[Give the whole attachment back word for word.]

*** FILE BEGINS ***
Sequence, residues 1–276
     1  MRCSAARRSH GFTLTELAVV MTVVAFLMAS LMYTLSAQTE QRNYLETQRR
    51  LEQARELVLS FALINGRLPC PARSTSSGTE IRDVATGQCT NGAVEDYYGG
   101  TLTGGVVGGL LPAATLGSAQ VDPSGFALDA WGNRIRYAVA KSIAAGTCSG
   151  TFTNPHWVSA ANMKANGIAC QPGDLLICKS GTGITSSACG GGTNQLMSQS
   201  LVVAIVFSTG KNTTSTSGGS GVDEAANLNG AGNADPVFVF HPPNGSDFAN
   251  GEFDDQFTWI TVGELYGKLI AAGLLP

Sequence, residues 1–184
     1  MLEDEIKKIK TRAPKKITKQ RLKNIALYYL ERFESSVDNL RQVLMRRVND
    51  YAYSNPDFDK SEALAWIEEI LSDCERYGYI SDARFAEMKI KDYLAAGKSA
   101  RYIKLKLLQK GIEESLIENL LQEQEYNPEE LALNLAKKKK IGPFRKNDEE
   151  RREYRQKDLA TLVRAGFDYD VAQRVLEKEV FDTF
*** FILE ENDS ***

Sequence, residues 1–276
     1  MRCSAARRSH GFTLTELAVV MTVVAFLMAS LMYTLSAQTE QRNYLETQRR
    51  LEQARELVLS FALINGRLPC PARSTSSGTE IRDVATGQCT NGAVEDYYGG
   101  TLTGGVVGGL LPAATLGSAQ VDPSGFALDA WGNRIRYAVA KSIAAGTCSG
   151  TFTNPHWVSA ANMKANGIAC QPGDLLICKS GTGITSSACG GGTNQLMSQS
   201  LVVAIVFSTG KNTTSTSGGS GVDEAANLNG AGNADPVFVF HPPNGSDFAN
   251  GEFDDQFTWI TVGELYGKLI AAGLLP

Sequence, residues 1–184
     1  MLEDEIKKIK TRAPKKITKQ RLKNIALYYL ERFESSVDNL RQVLMRRVND
    51  YAYSNPDFDK SEALAWIEEI LSDCERYGYI SDARFAEMKI KDYLAAGKSA
   101  RYIKLKLLQK GIEESLIENL LQEQEYNPEE LALNLAKKKK IGPFRKNDEE
   151  RREYRQKDLA TLVRAGFDYD VAQRVLEKEV FDTF